- Evanston, Wy.: The car’s fanbelt broke. Johnny skateboarded five miles to the nearest town, but everything was closed. But he met a lady who had a bunch of random fanbelts laying around. None of them fit, so they tied a piece of rope around the pulleys and drove it to someone or other’s friend’s house. The guy had a bunch of old Volkswagens, and they found a fanbelt that worked until they could buy a new one.
- Utah: They met me at the Great Salt Lake. We parted ways (because an old VW is the only car that my car can drive faster than) until later that night. They caught up with me and we camped next to the Bonneville Salt Flats.
- The Nevada Desert: Nevada in summer is hell on Earth. With all that weight piled into the little car, it began to overheat and lost power. So they parked under a bridge and slept there until it was dark and cool outside. Once they got up into Tahoe, the weather was cooler and the car worked OK.
- Sacramento/San Francisco: They went to Pride, crashing with some guy they’d found on Craigslist in the Castro. Morgan found out that one of the reasons the car had been overheating was because of the bag strapped directly to the roof. It blocked airflow to the engine, which is cooled by air. So Morgan bought one of those cool metal and wood roof racks on eBay and poor Johnny, who had been crammed in the back with all that crap for a little while, got a reprieve. They also got an oil change (I’d told them that because VWs don’t have oil filters, it’s a good idea to change it every 2,000 miles).
- Humboldt County/The Lost Coast: Three days of backpacking on the Lost Coast and a day spent tripping balls on mushrooms in a redwood forest were car-free, thus devoid of mechanical problems.
- Portland, Ore.: The car smelled like gas, and they found not one, not two, but three fuel leaks. The big filler hose and some of the fuel line were dry rotted. The filler hose was a specialty part, and Morgan ended up skating 10+ miles on a hot summer day trying to find the right one. Morgan noted that “Portland isn’t a good place to skate — the roads are shitty.” She also replaced the fuel filter and the distributor cap and rotor.
- Washington State: A friend wanted to take a different, more reliable car to Seattle, but Morgan said, “You haven’t experienced the bug yet. You gotta feel what it’s all about.”John Muir couldn’t have said it better himself, but the rest of the group voted to take the more reliable car.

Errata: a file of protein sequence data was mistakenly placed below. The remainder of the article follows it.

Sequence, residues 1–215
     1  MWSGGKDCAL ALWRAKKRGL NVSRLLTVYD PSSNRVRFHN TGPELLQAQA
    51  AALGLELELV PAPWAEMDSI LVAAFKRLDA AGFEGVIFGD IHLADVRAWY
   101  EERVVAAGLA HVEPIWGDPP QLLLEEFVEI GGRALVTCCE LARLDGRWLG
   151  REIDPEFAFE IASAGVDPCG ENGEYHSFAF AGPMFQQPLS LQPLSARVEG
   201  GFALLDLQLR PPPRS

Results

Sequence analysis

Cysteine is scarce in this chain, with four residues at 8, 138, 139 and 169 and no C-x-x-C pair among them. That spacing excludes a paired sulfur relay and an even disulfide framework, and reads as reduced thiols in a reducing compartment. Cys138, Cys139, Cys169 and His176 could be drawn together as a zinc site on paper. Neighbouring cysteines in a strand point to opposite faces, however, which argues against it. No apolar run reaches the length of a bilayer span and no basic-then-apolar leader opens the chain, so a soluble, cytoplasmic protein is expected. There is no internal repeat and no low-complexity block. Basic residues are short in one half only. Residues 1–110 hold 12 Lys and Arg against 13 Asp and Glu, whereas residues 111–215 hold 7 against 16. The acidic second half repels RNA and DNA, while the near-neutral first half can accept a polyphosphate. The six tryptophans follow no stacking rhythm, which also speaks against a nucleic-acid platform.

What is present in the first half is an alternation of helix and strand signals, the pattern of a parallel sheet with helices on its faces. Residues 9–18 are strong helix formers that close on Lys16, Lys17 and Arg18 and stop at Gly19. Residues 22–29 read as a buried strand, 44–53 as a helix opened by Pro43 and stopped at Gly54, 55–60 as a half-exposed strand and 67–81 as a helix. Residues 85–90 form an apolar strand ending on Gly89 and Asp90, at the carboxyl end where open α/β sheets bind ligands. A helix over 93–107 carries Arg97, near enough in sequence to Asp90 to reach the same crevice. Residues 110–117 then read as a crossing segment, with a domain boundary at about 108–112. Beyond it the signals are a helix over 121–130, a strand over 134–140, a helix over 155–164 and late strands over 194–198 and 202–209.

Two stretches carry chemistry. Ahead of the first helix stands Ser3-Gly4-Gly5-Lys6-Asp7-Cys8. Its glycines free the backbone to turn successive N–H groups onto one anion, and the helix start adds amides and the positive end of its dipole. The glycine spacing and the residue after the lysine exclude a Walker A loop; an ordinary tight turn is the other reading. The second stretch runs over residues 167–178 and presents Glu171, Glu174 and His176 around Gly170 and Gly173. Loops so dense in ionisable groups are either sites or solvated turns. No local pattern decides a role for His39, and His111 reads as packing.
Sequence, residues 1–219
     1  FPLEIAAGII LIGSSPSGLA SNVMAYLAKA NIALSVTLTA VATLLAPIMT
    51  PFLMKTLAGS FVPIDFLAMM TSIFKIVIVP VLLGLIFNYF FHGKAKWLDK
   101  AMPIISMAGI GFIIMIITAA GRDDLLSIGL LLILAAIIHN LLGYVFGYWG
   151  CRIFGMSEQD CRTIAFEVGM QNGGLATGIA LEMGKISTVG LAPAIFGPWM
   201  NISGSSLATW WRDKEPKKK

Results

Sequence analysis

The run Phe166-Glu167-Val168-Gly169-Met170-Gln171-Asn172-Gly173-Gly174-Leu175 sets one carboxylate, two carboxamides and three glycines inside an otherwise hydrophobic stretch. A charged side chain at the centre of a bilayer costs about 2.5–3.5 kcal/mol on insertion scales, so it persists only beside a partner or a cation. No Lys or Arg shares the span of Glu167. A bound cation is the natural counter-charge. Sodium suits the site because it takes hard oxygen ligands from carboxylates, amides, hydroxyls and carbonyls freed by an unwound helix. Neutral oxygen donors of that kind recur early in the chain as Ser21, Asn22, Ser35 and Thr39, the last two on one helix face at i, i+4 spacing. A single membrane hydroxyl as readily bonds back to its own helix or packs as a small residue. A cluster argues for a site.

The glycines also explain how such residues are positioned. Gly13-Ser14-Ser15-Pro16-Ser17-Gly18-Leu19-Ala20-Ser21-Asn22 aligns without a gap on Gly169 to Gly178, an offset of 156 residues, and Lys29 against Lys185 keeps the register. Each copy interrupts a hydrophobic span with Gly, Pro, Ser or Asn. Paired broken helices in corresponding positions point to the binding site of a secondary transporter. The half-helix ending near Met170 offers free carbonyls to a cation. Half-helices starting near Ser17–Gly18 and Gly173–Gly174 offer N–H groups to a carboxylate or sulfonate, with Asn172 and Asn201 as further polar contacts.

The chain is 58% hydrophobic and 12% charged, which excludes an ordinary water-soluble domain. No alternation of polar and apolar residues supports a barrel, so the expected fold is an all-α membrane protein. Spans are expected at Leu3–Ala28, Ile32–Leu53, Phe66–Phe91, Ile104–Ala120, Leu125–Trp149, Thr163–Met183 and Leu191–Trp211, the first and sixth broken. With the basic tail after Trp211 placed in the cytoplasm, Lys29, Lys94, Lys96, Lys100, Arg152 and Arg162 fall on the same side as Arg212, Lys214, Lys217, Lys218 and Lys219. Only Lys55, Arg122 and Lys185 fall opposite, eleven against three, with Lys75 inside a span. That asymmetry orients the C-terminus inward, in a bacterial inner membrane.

- Oregon to Idaho: The car, of course, broke down again. This time, the battery cable was loose (for those of you who know bugs, good thing the damned thing didn’t catch on fire!) and there was another fuel leak from another dry rotted line. They used someone’s brother’s AAA card for a free tow to nearby Boise, Idaho. Morgan also had to fix some frayed wires in the dash when the lights stopped working. By this time, Johnny had strep throat, and Cherri had really bad poison oak from their redwood frolic.
- Evanston, Wy.: The car died and wouldn’t start again. The carburetor was leaking gas and the engine was running too hot. The tips in the pea shooter exhaust had completely melted. They took the Greyhound the rest of the way home, and Morgan and Cherri came back later to get the car with a Uhaul.
Although they’d had to tuck their tails between their legs and take a bus the rest of the way home (and Greyhounds in the West aren’t like those sleek new D.C.-to-N.Y.C. jobs, they’re bleak, Morgan wasn’t ready to give up on her bug. She talked Mike, the guy who’d sold her the car, into taking a look at it. The valves were way too tight, and she’d missed spotting a spark plug wire that had come loose. The thing had been running on three cylinders (one or two, if you count the cylinders with valves that were stuck open) for hundreds of miles.
But when Morgan, Cherri, Mike and I went to a bug rally a few weeks later, the car was purring (well, a clattery Volkswagen purr). Better yet, Mike had taught a man to fish, so to speak, and Morgan had a more thorough understanding of what those valves do, why they need to be adjusted, and how the car’s ignition and carburetion systems work.
“I learned a lot about engines and how they work and how to fix things,” she told me as we watched souped up bugs scream down the drag strip. “I was told owning one of these cars would make you learn how to have a lot of patience, and it really has.”
If you live in Colorado or Wyoming, don’t be surprised if you see a little army green bug chug up a gnarly hill near a trailhead in the middle of nowhere. Morgan isn’t afraid to drive her car and now, she knows its limits and how to fix it.
Of course, she only knows how to tinker with Volkswagens (and by today’s standards, a VW Type I scarcely qualifies as a car), but it’s a start.
Photo credit: Benjamin Preston; Morgan Johnson
Boulder police are trying to identify a white male in his mid-to-late forties who investigators believe robbed the First National Bank at 3033 Iris in Boulder. The robbery occurred at 12:07 p.m.
Witnesses inside the bank say that the suspect was in the lobby and then stepped up to the teller station, where he passed a note. The suspect did not say anything, but based on the note, the teller gave him an undisclosed amount of cash. He then left the bank out the north door and was last seen outside the bank.
The suspect did not display a weapon during the robbery, and no one was hurt.
The suspect is described as:
- White male
- Mid-to-late 40’s
- 5’4” tall, medium build